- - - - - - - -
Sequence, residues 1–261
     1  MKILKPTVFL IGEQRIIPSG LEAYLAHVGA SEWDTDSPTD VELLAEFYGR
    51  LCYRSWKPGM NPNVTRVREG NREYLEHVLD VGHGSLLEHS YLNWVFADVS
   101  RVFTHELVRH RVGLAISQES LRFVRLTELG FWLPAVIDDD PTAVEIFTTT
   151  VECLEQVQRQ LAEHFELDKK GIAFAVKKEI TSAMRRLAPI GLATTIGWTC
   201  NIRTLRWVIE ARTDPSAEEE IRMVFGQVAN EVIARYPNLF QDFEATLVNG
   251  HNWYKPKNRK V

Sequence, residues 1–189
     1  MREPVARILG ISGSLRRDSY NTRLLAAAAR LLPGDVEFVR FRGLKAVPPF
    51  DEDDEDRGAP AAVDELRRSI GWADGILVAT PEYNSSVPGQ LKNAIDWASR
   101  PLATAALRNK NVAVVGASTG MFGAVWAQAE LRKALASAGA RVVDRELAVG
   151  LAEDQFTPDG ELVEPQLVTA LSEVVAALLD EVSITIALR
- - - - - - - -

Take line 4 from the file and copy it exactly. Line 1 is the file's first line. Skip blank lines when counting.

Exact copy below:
   101  RVFTHELVRH RVGLAISQES LRFVRLTELG FWLPAVIDDD PTAVEIFTTT